Tiny Headphone Amps!

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Alright, I have seen a lot of headphone amps out and about, and I have decided to make my own. I was wondering if anybody can point me in the correct direction. I have a few requests of any designs anyone can give me that are:

Small- both in overall size and amount of parts
Cheap- not necessarily cheap as in bad sounding and poorly made
No PCB- either point to point, or a predrilled board

If anyone has any suggestions it would be quiet nice! I plan on using this to drive my 64 ohm Behringer HPX2000, which are 100mv max. I would like a design that could be used with lower ohm loads also, maybe a selector for 64 or 32 ohm loads? Thanks a bunch for your time and suggestions!
Relax said:
thank you very much for those two links. I also want to mention again, that I want to build this amp! hehe, I don't think i mentioned it before.

Just make a chu moy ;)
Here is one I made:
An externally hosted image should be here but it was not working when we last tested it.

So they can be really small. Just use a single dual opamp and make it on proto board. Easy:

Lots of good info here on Tangents fantastic site:
I decided to just build the cMoy on tangents site. Ordered parts from digikey. Enough to make two, that way if the first one has major issues I can rebuild, or if it works out perfectly, I can build another and sell it! should get the parts soon, since I am about 40 minutes away form Digikey, hopefuly tomorrow or wed. latest. I will post again soon. ANyone got any other ideas anyways?
That one on Ebay looks pretty tricked out, the power switch is pretty neat too, the whole multiple times do different things. I am surprised at how expensive these little amps go for, they can't be half that in parts and time. But hopefully I will start soon! thanks for your help.
Relax said:
BTW I am using the dual opa132 or OPA2132 by Burr-Brown. I can't make any sense of that datasheet either! Will the cMoy drive my 64 ohm Behringers well without exceeding 100mv max?

Yes it will drive them fine, dont worry about exceeding 100mv. You will probably not be able to have them over your ears at that output anyway, that is why it doesn't matter. I've never heard of anyone damaging headphones by over powering them.
Works great!

Except its only in one channel, the right to be exact, that I hear anything. The sound coming from the right is loud and pretty clean for awhile until its too loud, but I hear nothing form the left! Whats wrong with me? I looked at the soder and everything looks good, resistors are fine, caps, well, I don't know how to test those yet. could having the LED not in do this? ANY help would be greatly appreciated. Its not the amp either, I switched it out with a new one and same problem. Thanks for your time in advance.


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> output specs for the cMoy

The dead-simple Cmoy uses a 9V battery and an ordinary opamp chip.

Therefore the maximum output voltage is 4.5V peak, and really only 3V peak 2V RMS in hi-Z loads.

The maximum output current is 20mA to 60mA peak depending on the chip used.

I once prepared a chart showing estimated maximum power for many different headphone amplifiers. Cmoy-like amps plot like curve "b", with 10mW-20mW from 32 to 300 ohms. Three 9V batteries with a high-current opamp chip will plot near line "d", 300mW-600mW into common headphone impedances. Two 9V battery Cmoys are popular for hi-Z phones and fall somewhere between curves "b" and "d".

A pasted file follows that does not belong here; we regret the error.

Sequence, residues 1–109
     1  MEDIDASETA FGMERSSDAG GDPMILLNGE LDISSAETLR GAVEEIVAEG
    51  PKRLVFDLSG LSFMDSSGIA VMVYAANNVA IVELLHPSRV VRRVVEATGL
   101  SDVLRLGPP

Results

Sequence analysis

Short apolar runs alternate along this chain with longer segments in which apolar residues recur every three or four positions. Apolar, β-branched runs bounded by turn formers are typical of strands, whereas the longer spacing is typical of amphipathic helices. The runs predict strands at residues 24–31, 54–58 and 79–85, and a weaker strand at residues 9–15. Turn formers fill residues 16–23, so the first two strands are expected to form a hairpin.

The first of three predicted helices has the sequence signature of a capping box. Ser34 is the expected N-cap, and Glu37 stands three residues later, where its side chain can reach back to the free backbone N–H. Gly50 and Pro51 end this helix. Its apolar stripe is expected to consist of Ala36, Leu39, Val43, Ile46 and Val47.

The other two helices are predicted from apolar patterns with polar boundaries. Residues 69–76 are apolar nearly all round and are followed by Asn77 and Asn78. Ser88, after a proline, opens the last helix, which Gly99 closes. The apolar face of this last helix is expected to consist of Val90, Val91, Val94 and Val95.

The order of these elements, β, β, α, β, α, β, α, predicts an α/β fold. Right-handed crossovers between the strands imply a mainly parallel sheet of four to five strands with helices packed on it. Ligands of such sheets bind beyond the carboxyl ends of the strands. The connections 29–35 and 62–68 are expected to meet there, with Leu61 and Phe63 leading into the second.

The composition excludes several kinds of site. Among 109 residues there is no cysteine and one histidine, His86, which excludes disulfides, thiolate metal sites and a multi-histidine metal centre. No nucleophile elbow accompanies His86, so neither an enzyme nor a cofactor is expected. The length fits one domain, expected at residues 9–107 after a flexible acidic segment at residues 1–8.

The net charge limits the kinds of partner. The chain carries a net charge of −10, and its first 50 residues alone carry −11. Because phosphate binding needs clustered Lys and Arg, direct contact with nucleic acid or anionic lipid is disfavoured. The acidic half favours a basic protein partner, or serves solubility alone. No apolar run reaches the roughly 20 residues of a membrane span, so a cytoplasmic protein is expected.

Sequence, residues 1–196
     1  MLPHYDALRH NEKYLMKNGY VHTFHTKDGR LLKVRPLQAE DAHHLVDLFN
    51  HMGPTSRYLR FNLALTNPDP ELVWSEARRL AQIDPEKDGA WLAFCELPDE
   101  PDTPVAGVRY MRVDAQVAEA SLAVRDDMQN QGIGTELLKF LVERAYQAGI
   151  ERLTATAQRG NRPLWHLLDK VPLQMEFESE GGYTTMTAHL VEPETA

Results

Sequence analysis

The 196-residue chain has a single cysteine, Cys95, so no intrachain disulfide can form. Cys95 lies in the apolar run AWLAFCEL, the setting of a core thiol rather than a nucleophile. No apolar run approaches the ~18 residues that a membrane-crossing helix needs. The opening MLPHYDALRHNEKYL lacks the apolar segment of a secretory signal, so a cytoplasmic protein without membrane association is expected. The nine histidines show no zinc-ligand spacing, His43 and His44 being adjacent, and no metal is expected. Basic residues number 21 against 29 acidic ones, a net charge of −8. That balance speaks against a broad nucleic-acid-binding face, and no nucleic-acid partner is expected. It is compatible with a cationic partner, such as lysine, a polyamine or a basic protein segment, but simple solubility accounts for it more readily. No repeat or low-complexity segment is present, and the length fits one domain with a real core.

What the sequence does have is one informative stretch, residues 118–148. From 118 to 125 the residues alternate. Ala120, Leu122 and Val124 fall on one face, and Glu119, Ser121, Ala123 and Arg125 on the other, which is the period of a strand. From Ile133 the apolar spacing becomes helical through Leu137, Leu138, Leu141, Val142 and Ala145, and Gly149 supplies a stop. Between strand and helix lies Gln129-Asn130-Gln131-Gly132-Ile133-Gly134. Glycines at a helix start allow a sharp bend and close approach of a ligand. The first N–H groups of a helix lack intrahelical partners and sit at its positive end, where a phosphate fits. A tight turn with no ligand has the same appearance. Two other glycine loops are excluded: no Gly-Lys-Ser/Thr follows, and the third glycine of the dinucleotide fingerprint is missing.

For comparison, the "*" dots are rated power for a wide variety of headphones. Curve "e" is my suggestion for a "universal" headphone driver, one that will put ample power into any common headphone without mush risk of gross over-drive.

> 64 ohm Behringer HPX2000, which are 100mv max.

No, the HPX2000 is rated 100 milli WATTS, not milli Volts. Makes a difference.

In 64 ohms, 100mW is 2.5 Volts RMS, or 7V peak-peak, which is not a bad match for a 9V battery with some losses in the chip.

Actually, 100mW is not high; some similar phones are rated 3,000mW. With speech/music signals, you can probably run transient peaks 10 times higher than the thermal rating. In fact I'm sure this headphone is made to plug into B-ringer mixers that run +/-15V on the headphone-amp with about 30 ohm series resistance, almost 7VRMS and 700mW of transient power peaks.

Do the B-ringer HPX2K need big power? The specs say "110dB@1KHz" which, by itself, is utterly meaningless. It is traditional to measure headphones in dB SPL at 1 mW. But 110dB SPL at 1mW is absurdly high. I suspect they mean 110dB SPL at 100mW, the rated power. With a 9V Cmoy you would get about 103dB SPL peaks, say 88dB SPL average music level at the edge of clipping. Probably ample for most users.

> I've never heard of anyone damaging headphones by over powering them.

This is very stupid, but I have many burnt-up headphones. Some come from the Student Labs: I hate to think how much ear-damage those kids have. And personally I have left headphones in a PA system but off my head, and found them blown after the show.

> could having the LED not in do this?


One channel good, one channel bad, means you have a mistake. Take it out in the bright summer sun and check the solder joints, part values, and the what-goes-to-what again. Don't overlook your input and output jacks. Check jack pinout, some are strange. If you used the low-price P-sonic stereo volume control, note that it has a very unexpected pinout.

> OPA2132 by Burr-Brown. I can't make any sense of that datasheet either!

OPA2132 datasheet, page 6, bottom, output voltage versus current. You have to make some sly guesses and know some about how this chip will clip, but for a single 9V battery I read it as 30mA 2V peak, or 28 milliWatts in 64 ohms.
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